Recent data provided by HM Revenue & Customs reveals that inheritance tax brought in £557m in September 2022. That takes the overall tax-take in this area to £3.5bn in the first half of the 2022/2023 tax year. This is a new record that far exceeds previous highs.
Inheritance tax surpassed £6bn in 2021/22 for the first time ever with the current tax year now set to post consecutive all-time high tax-takes. This trend has been anticipated over the last few years. It is no surprise.
Inheritance tax continues to account for ever-increasing receipts for the Treasury. Frozen thresholds and rising property prices have combined to push an increasing number of estates into paying inheritance tax.
The nil rate bands – the size of the estate that can be left without paying any inheritance tax – are due to remain frozen until at least 2026 and, with government struggling to fill a fiscal hole, the likelihood of any increase in inheritance thresholds before (or after) then is largely wishful thinking.
It is yet another reminder, if any were needed, of the importance for people to regularly assess the full value of their estate so they get a clear picture of whether and to what extent inheritance tax will affect them … and to start to understand the steps they can take to mitigate it. Mulling the financial press every week and failing to take specialist professional advice is completely ineffective. For some people, options such as lifetime mortgages could be an opportunity to unlock a portion of their wealth tied up in bricks and mortar, for instance. Passing this wealth on through ‘living inheritances’ allows people to see the benefit for recipients – particularly if it helps loved ones through the current cost-of-living crisis, and it can minimise the inheritance tax payable on their estates.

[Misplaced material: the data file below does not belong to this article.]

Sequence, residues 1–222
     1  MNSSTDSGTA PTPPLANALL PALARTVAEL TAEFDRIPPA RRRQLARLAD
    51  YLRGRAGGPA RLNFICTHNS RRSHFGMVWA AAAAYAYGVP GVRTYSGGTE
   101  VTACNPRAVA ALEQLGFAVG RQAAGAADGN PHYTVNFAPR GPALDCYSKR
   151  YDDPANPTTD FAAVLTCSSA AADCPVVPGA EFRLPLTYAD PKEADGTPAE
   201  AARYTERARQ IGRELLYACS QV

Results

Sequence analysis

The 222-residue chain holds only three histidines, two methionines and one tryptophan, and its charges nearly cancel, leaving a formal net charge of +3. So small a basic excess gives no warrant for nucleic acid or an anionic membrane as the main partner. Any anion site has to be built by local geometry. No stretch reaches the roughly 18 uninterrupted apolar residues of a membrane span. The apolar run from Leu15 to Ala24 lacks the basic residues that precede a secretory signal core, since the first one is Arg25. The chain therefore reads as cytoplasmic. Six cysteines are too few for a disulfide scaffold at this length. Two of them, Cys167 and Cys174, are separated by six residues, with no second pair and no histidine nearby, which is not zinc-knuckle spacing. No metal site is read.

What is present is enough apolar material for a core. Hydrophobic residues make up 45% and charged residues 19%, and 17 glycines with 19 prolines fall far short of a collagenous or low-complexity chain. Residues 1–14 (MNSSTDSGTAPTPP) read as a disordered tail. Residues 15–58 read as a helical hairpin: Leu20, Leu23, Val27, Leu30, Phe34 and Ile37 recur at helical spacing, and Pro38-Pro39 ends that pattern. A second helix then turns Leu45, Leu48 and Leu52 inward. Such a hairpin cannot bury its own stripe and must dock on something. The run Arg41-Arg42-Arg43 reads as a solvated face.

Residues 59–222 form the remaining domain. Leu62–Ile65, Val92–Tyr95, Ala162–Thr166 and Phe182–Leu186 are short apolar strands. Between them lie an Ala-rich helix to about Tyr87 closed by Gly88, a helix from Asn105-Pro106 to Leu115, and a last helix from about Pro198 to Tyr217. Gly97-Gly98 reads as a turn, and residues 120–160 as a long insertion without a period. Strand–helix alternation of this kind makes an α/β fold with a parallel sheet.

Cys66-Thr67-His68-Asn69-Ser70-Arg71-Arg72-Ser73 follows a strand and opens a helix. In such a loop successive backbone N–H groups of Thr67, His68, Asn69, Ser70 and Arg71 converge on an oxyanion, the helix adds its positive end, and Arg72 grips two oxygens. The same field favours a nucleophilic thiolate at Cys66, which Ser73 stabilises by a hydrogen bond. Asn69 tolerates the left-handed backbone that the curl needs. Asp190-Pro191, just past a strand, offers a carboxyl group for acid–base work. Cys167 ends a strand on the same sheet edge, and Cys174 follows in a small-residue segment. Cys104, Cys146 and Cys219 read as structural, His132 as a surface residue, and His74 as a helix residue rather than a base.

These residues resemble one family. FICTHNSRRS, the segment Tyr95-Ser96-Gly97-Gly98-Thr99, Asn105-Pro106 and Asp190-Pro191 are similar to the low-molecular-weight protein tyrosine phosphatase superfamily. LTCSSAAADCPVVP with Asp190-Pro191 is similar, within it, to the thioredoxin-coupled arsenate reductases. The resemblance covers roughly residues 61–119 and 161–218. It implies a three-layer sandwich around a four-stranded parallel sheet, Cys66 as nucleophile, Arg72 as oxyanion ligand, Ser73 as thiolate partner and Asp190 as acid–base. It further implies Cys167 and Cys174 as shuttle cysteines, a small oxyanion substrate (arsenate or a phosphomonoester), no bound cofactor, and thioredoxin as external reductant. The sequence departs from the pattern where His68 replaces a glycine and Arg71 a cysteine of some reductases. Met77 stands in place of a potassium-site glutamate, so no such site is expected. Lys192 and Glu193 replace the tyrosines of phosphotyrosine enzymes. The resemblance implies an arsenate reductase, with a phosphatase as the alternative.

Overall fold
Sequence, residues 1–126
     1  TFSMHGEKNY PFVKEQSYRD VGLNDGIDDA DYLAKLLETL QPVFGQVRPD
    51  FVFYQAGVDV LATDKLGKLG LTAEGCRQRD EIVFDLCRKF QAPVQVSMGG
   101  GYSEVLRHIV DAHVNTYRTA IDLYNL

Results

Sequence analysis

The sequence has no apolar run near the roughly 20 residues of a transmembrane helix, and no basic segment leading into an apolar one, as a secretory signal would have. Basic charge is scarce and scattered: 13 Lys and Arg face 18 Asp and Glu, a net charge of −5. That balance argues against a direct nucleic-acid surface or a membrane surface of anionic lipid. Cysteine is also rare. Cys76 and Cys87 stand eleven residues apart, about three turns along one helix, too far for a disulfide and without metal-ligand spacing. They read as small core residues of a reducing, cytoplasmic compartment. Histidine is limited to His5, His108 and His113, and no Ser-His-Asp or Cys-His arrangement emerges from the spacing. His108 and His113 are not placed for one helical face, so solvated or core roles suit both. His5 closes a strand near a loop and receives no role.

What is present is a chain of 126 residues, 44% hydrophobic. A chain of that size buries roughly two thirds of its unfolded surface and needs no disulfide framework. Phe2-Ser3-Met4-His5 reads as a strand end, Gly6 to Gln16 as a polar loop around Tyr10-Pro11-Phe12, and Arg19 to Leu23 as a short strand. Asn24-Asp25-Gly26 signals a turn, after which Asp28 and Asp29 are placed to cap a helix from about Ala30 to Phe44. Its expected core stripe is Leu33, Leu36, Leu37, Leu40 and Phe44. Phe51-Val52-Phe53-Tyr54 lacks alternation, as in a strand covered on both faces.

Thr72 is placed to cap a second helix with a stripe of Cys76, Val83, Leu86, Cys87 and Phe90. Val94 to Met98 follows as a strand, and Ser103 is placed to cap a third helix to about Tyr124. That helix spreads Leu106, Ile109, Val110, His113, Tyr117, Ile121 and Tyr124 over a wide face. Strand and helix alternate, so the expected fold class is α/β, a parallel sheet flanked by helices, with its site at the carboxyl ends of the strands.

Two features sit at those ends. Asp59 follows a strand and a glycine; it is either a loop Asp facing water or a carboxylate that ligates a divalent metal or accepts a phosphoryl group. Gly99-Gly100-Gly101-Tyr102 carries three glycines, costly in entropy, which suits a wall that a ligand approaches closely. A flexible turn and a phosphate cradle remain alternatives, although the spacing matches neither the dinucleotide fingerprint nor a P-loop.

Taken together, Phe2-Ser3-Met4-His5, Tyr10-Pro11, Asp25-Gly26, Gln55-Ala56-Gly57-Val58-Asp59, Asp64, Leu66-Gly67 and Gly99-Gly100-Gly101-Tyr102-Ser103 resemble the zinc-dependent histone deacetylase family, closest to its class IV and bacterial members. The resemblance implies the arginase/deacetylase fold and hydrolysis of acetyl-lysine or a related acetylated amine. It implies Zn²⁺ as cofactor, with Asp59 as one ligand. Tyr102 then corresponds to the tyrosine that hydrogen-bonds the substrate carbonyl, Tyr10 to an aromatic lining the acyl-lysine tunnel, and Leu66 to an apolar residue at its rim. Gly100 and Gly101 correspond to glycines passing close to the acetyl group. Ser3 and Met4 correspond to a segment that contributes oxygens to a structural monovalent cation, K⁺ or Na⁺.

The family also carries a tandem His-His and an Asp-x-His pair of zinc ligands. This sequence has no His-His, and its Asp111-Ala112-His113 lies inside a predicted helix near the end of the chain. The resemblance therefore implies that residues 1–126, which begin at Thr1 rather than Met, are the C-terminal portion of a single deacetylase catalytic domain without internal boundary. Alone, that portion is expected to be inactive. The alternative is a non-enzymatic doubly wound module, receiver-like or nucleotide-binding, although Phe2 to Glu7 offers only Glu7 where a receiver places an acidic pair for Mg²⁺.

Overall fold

This further year-on-year increase in inheritance tax receipts is very welcome to a Treasury that has the difficult task of attempting to balance the books. Given the current state of the UK economy and a desperate need to boost government revenue, Chancellor Jeremy Hunt will want to do all he can to preserve benign cash cows, such as inheritance tax receipts, until stability is restored to the nation’s finances. Families face the bleak reality that even if the inheritance tax regime remains unchanged in the months and years ahead, more people will be pulled within its remit.
I would draw readers attention to a topical conflict of opinion within the financial adviser community. Research conducted by Puma Investments this month indicates that 57% of financial advisers believe that the current financial crisis will compromise gifting strategies as taxpayers cling onto their assets fearing that they may ultimately regret giving them away. However, more than a third of advisers (37%) believe that gifting strategies will instead become more appealing for taxpayers looking to help loved ones with their immediate financial pressures. A good point.
It does, of course, depend on individual circumstances and the mindset of those involved whether any kind of gifting strategy is a practical one. Mindset is equally important as circumstances and detail when it comes to effective planning in this area as I explain in my bestseller, ‘The Absolute Essence of Inheritance Tax Planning’ which you can pick up in either paperback or kindle format.
Without an appropriate mindset most taxpayers are simply ‘stuck’ and fail to take any effective affirmative action whatever the financial climate.
Do have a look at the Puma research and draw your own conclusions. Here is a useful summary –
And a link to ‘The Absolute Essence’ –